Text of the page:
I click and I click but nothing happens!

I’ve been surfing the web since it arrived in the 90s. So why do I still click several times on the mouse when a page fails to load within a few seconds? I know very well that with each click I’m sending another request to the web server. I’m basically stabbing it to death with my mouse. 

So why? Because I’m freakin’ frustrated, that’s why. I grew up with MTV, if nothing happens within 3 seconds I get so bored I  throw a fit or fall asleep. The average user sense a delay if it takes more than one second for something to happen after they click their beloved mouse.

So what does that mean in my world? It means that when developing a new web based service, focus on speed is vital. I don’t care how many great features you cram into the product, If it doesn’t look good and load fast you’ve still got a problem. Below are some basic guidelines when developing your new website.

  • Surfing your service (loading the login page, logging in and clicking on the available menu items) should on average take less than one second per click, and never more than two seconds.
  • Any action that takes more than three seconds on average need some kind of visual notification. Put in a a load bar or a blinking “Please wait” to make sure the user doesn’t forget that he actually did click when he wakes up again.
  • Nothing (including reports) should take more than 10 seconds to load. Ever. That’s an eternity. Most people on Facebook was born less than ten seconds ago. If your report takes more than ten seconds, pre-fetch it and store it in cache or on disk. Or you can send it to the user async via email, so that you can respond to the user immediately with “Your report will be delivered to your email shortly”.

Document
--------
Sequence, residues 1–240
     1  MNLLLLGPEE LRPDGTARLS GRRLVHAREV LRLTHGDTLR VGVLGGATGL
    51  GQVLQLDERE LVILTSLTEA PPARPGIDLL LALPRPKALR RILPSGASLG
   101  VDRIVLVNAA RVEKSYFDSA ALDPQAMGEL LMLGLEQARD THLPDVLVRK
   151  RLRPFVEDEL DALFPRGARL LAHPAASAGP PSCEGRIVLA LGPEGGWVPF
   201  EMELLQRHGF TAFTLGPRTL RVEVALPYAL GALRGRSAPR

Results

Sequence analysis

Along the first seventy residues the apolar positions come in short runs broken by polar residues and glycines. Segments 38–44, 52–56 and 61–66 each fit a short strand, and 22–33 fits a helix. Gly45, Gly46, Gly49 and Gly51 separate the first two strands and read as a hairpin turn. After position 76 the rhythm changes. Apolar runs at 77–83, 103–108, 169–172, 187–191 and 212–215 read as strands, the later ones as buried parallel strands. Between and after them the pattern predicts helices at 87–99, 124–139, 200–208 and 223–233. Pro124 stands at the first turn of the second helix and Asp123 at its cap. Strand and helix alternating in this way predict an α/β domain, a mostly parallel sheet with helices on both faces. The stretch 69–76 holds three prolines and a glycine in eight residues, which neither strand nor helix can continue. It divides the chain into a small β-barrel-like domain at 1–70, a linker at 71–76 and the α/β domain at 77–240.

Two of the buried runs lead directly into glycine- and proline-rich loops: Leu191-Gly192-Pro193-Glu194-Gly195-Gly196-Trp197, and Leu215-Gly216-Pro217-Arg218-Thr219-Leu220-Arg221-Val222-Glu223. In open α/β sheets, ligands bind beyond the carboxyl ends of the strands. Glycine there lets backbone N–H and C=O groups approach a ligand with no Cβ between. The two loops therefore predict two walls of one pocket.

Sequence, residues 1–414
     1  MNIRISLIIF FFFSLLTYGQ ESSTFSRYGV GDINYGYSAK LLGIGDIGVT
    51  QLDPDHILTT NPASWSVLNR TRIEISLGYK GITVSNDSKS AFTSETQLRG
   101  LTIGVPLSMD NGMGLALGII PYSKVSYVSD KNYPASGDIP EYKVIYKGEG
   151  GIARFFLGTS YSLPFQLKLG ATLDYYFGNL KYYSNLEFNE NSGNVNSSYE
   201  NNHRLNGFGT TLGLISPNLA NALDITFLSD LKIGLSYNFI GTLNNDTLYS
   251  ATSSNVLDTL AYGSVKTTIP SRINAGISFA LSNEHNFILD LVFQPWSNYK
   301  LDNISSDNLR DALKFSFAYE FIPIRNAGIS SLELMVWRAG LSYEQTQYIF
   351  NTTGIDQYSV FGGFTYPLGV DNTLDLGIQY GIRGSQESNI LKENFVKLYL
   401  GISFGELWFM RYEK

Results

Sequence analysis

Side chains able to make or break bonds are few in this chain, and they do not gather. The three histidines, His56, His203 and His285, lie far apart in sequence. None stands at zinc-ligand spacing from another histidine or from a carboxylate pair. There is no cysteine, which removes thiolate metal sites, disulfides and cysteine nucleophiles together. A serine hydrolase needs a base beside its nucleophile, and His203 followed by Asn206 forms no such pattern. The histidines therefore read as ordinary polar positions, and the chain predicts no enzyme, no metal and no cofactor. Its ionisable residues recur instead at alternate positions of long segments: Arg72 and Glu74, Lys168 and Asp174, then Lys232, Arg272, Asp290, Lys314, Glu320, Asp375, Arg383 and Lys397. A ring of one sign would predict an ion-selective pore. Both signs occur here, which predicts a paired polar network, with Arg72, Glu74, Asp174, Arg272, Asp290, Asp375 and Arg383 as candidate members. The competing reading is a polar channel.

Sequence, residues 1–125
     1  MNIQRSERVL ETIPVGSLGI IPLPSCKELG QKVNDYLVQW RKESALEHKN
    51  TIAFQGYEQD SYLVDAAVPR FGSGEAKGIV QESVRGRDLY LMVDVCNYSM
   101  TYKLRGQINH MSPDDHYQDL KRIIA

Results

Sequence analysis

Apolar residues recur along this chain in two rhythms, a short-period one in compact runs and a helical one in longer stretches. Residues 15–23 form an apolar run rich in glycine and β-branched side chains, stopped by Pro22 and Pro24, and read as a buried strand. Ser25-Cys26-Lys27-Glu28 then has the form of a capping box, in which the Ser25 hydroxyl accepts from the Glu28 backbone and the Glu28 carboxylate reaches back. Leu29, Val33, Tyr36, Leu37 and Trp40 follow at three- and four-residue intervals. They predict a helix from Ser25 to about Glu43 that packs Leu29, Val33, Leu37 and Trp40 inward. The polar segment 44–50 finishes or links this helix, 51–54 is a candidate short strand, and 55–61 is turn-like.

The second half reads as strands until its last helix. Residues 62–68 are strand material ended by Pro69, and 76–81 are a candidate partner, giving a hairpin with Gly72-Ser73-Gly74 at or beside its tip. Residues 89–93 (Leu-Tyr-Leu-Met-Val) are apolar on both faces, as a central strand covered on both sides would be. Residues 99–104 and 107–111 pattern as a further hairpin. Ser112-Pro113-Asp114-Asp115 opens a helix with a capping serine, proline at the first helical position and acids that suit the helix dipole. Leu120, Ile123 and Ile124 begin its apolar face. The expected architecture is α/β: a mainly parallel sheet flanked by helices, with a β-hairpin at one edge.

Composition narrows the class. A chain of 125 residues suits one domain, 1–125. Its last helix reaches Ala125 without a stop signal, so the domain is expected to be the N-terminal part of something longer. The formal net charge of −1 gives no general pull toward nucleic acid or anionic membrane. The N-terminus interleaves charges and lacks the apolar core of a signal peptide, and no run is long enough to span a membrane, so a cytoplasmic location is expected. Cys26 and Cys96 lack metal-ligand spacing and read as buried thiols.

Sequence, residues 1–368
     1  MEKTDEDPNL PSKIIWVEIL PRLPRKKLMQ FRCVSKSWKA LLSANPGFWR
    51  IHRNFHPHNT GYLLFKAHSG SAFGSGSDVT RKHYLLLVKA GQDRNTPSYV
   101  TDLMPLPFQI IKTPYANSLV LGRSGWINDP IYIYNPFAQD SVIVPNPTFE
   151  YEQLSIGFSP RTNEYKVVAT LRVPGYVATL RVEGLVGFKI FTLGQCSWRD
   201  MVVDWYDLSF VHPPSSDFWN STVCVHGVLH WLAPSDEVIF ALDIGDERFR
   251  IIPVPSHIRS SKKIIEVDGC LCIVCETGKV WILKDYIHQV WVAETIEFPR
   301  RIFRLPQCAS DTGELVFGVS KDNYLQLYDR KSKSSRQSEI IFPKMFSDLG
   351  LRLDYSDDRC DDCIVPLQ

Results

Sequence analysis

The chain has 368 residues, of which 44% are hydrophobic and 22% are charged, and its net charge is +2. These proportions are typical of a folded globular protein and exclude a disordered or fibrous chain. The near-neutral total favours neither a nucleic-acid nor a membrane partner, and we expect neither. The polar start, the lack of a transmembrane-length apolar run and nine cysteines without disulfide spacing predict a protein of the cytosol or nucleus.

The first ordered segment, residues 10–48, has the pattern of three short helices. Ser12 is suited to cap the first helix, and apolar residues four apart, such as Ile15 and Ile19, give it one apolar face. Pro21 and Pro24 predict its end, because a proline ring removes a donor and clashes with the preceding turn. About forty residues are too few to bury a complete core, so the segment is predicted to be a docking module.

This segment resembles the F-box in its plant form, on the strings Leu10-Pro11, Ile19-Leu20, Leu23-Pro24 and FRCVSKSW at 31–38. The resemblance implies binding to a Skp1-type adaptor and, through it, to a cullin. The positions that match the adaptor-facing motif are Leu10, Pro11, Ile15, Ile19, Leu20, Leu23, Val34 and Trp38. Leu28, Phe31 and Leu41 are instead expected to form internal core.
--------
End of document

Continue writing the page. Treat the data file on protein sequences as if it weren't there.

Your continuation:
But what about the internet itself, you ask. My server is super fast, but my site still loads slow for some customers! A study showed that on average it takes 6 seconds for a page to fully load. Only 0.6 of that time was server processing. 1.4 seconds was the actual network traffic, and 4 seconds was processing on the client computer.

So we can blame the user and his crappy computer, then? I knew it! It’s always the users. The world would be better without them, I always say. That means you’re off the hook right?  Not quite. The amount of processing required on the client is based on how you build your web site, and how much client-side javascript and whatnot you cram into the page.

So your code should be lean, just as your development process. Hopefully your service is about improving a process that creates value for your customer. That means the faster your service is, the more value (and less frustrated) your customer will get.

So the next time your customer or product manager asks for an animated duck in the background of the new administration interface, make sure he knows that it will slow down the load time of each page with several seconds. When you ask “Does the duck add value?” and your product manager says “Yes”, you can kick him in the knee and tell it’s from me.



Posted on January 27, 2012, in Internet, Software development and tagged , , . Bookmark the permalink. Leave a comment.

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